has only shown me what a hypocrite
"Don't say that, for you'd have to
take it back. I'll tell yoti something
that will open your eyes. Some time
ago mother gave me a check for ten
thousand dollars, payable to your or
der. Wait until I get through She
said that she would try to make some
thing of you, and that 1 must not tell
you of the check until the day of our
marriage. When she heard that you
were writing a book, she said: 'Now,
Caroline, that book is bound to be a
failure, and when it proves to be, go
to him with that check and tell him
that I say he must get married at once.:
But the book wasn't a failure, was it,
The old lady had entered the room.
"God bless you, madam—"
"Never mind, Tom. Don't get me
stirred up. If you do, I'll let the pies
burn. No horse races, Tom. I know
what you are going to say, sir. You
don't need to warn me about cotton
futures. Walk out to supper. What
are you crying for, you big booby?
There, now, come on, rom.,T—
Bead, in Aricansaw Traveler.
Walks and Talks on the Farm.
I have not had a single case of goitre
iii lambs for many years. I do noi
know that there is any cure for it. 1
am inclined to think it is the result
largely of general debility* caused in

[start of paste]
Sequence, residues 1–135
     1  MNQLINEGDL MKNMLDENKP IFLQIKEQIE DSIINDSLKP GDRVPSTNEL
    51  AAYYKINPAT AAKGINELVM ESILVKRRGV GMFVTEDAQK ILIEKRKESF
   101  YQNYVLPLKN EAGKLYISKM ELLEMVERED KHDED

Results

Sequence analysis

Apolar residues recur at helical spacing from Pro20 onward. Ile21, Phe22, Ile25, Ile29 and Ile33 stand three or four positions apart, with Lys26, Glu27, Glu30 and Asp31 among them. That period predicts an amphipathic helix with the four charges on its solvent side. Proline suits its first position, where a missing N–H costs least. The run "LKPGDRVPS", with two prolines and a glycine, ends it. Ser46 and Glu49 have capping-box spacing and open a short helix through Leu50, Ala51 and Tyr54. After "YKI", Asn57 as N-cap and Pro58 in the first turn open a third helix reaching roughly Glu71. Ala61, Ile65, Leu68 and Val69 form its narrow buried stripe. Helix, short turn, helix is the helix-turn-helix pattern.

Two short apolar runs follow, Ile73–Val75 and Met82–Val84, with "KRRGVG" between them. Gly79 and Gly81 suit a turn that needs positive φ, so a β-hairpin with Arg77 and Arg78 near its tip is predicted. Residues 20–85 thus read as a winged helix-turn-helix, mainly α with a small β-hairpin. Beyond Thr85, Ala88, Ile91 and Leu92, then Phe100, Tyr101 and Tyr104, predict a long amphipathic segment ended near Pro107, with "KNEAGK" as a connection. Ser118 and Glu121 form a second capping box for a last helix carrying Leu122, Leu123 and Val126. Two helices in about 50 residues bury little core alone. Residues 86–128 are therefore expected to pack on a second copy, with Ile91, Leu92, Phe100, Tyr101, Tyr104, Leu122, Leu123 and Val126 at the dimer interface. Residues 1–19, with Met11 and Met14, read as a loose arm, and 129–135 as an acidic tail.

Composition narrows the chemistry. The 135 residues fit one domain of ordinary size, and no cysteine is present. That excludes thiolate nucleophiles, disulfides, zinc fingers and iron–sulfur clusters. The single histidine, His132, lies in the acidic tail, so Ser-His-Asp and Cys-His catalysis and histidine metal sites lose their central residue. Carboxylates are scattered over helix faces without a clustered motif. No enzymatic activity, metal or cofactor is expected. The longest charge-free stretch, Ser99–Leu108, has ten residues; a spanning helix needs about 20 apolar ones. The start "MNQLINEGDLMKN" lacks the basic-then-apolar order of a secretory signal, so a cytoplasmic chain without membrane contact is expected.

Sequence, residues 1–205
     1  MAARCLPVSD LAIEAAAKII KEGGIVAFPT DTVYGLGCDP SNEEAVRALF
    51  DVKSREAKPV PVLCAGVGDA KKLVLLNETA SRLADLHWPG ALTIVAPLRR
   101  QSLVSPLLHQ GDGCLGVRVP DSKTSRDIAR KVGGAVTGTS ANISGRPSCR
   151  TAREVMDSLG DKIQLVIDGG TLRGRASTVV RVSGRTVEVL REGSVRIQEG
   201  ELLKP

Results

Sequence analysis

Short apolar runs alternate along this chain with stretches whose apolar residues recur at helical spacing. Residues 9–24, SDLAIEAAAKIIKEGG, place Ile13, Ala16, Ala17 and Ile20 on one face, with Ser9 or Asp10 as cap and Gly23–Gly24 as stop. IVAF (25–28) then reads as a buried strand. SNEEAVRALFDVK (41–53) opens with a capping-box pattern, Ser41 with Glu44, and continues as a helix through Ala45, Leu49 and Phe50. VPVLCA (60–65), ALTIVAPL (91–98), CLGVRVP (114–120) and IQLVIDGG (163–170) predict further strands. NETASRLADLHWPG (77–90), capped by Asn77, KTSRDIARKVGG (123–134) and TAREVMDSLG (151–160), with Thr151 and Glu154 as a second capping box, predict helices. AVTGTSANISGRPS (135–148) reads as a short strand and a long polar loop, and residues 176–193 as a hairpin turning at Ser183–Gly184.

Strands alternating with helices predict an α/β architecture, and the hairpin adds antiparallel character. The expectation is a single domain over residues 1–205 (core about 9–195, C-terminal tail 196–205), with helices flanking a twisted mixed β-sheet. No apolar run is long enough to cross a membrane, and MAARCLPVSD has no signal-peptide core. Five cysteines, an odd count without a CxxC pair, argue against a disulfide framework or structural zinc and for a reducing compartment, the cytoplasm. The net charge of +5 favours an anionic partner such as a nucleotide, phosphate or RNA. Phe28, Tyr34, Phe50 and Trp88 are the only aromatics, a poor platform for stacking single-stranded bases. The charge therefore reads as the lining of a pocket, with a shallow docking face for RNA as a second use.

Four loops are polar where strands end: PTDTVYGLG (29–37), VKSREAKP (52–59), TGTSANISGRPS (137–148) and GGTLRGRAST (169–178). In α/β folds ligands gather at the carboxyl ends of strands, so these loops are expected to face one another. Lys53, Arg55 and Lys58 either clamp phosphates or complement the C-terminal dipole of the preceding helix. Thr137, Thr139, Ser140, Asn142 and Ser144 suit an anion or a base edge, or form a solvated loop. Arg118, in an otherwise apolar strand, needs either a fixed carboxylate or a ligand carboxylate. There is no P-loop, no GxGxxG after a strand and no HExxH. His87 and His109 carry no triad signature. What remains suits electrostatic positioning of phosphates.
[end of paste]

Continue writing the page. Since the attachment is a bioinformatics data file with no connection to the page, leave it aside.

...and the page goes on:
many cases by keeping the sheep in
close, damp cellars or barns. A
French book on sheep says it is caused
by the "humidity of the habitations.",
In the management of sheep there is
no one point of greater importance
than fresh air, and a dry place to lie
down. Too much damp straw under
foot is Specially objectionable Sheep
like a little clean straw scattered on
the shed every day. Stir up the soiled
bedding and then spread etenly hall
an inch or so of fresh straw on top*
The sheep will lie down and you will
see how much they will enjoy it.
Lambing time, if everything goea
well, is of special interest and pleas
ure, but if things go wrong the shep
herd will need all his patience and ex
perience. I have been through it all,
and I wish I could drop a hint that
would be useful, but hardly know what
to say. There is one thing to be espe
cially guarded against, and that is im
patience. In valuable flocks of sheep,
of course the owner or shepherd will
rarely let one, two or three hours go
past without seeing that his attendance
is not required. He will want to be
on hand, but as a rule the less he does,
except at a critical moment, the bet
ter. Forethought, due preparation,
constant watchfulness, and a masterly
inactivity, combined with intelligent
promptness, are the desirable requi
sites. We frequently "slop" our ewes
after lambing, just as we do cows.
Bran and oat-meal or corn-meal, or
oil-cake meal, makes an excellent slop,
say half and half, giving from one to
two pounds of the mixture to each
sheep per day, according to the size of
the ewe. Of course, if you have plen
ty of roots, slops are not needed, but
the hard oats, or corn, or oil-cake
should not be omitted. Farmers
should raise more roots for their live
stock. All hoed crops aid in improv
ing the condition of the land.—Joseph
Harris in American Agriculturist for
The Bullion Yield.
Concerning the bullion yield, mines